If you don’t have authorized immigration documents, you may still be able to attend college in the United States. State and federal laws affect your access to postsecondary education, federal and state financial aid, and employment, but they don’t eliminate your options entirely.

Undocumented students are foreign nationals who have not received authorized immigration documents from the federal government. Many undocumented students immigrated to the United States as children and have grown up attending American schools. When it comes to college, though, your access to education depends on your immigration status.

Unfortunately, there are any number of obstacles that may prevent students without documents from attending college. These range from the very real fear of deportation to a lack of access to financial aid and no clear route to U.S. citizenship. While these obstacles may seem insurmountable, there are ways to attend college if you are persistent and driven.

While there are no quick solutions for adjusting your immigration status, there are immigration procedures that could potentially benefit you in the short term. Since many children did not knowingly break the law when crossing into the United States, Deferred Action for Childhood Arrivals, commonly known as DACA, grants some undocumented students the right to work and postpone their immigration hearings.

DACA is an option for students without documents. DACA postpones immigration hearings for two years but is renewable indefinitely. While applying for DACA is not free, it may grant you peace of mind while you attend college.

The earlier you start planning for college, the better. Students without documents who want to attend college have quite a few more obstacles to overcome than U.S. citizens. Knowing your immigration status, requesting (and renewing) DACA, and doing everything you can in high school to become a competitive applicant may help you up your chances of admission.

Many undocumented students want to know upfront if they can pursue higher education in the United States. The simple answer? Yes! The long answer? Yes, but only at some schools in some states. For the majority of undocumented students, higher education is more expensive and more difficult to access than it is for citizens and legal residents. With that being said, thousands of undocumented young people make their way to U.S. colleges each year. With patience, hard work, and a focused college search, you can be one of them.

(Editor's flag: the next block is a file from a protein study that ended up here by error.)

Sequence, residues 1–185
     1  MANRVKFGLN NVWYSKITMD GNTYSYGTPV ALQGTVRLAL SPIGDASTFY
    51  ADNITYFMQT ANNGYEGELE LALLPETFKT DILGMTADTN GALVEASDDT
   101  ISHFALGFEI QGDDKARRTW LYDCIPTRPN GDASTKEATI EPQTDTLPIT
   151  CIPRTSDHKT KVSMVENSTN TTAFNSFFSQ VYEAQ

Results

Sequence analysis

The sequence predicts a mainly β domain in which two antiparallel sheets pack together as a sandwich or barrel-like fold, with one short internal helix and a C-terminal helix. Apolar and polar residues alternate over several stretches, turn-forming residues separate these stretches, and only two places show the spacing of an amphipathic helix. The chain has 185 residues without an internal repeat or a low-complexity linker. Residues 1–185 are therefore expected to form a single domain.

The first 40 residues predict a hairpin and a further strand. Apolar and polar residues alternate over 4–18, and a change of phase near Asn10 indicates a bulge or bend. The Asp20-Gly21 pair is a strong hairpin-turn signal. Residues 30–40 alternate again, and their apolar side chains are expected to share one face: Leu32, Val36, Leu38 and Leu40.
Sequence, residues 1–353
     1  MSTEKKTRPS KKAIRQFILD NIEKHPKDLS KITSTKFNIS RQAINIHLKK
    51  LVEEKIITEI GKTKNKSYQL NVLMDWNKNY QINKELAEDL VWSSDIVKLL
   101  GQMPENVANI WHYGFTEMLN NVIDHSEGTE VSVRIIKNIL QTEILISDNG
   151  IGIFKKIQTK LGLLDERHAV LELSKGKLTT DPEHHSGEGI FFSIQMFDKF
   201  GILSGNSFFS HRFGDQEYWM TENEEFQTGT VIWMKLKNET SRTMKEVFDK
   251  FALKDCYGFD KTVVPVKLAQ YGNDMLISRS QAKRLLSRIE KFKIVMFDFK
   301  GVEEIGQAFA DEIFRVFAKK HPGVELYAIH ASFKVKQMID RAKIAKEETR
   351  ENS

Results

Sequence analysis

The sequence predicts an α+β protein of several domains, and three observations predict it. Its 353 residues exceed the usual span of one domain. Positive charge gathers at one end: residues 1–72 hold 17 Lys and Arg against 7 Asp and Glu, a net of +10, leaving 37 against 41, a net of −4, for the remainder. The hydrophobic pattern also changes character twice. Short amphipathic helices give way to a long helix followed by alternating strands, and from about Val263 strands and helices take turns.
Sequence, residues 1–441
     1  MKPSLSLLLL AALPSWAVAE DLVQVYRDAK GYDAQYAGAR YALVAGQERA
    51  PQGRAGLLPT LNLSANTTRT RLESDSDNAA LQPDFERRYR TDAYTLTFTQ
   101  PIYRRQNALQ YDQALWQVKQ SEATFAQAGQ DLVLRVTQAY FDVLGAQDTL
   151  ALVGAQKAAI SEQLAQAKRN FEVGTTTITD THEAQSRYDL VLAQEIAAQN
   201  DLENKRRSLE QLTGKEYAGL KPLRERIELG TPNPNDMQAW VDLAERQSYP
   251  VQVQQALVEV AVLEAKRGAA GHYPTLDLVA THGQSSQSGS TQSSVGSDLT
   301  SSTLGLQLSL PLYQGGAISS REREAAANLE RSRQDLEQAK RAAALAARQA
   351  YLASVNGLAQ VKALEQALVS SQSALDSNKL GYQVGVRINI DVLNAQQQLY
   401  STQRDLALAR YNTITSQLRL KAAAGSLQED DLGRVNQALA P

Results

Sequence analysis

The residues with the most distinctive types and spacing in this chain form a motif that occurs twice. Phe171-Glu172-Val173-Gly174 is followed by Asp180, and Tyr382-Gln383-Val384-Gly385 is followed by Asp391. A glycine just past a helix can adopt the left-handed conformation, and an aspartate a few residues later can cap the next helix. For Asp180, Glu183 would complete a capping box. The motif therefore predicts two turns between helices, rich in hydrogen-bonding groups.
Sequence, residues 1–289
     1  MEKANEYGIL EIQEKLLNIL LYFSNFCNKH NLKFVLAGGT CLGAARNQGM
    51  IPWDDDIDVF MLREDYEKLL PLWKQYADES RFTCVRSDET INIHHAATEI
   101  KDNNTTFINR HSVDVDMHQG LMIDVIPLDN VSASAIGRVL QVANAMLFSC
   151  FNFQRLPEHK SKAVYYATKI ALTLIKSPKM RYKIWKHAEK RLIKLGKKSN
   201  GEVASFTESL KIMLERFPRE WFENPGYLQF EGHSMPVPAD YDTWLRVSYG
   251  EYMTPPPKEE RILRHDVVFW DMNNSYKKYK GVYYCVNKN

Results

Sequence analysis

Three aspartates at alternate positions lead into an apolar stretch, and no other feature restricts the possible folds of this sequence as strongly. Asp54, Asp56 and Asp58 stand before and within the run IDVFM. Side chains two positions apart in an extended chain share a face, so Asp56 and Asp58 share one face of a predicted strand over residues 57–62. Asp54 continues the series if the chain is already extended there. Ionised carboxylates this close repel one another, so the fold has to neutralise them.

There are many colleges that would be happy to have students without documents as their students, but your college options are limited because of your immigration status. Once you’ve found a school willing to accept you, focus on what you can afford. Your tuition costs will be different if you decide to attend a vocational school versus a private four-year college, for example.

Students without documents are not eligible for federal financial aid, but you may be able to access in-state tuition rates or state-funded scholarships if you have lived in one state for a long period of time. You can also search and apply for private scholarships, but pay particular attention to their eligibility criteria.

Students without documents are not allowed to participate in the federal work-study program, but there may be other options to pursue employment. Students with an employment authorization document through DACA are permitted to work in the U.S. Consider a paid internship, a job with a local employer, or independent contracting. Without DACA and an employment authorization document, you are not allowed to pursue any paid opportunities.

Though getting to college as a student without documents is hard, you are not alone. Your parents, friends, and other students without documents are a built-in support system that you can always count on. You can also explore the resources offered by your college and organizations in your region.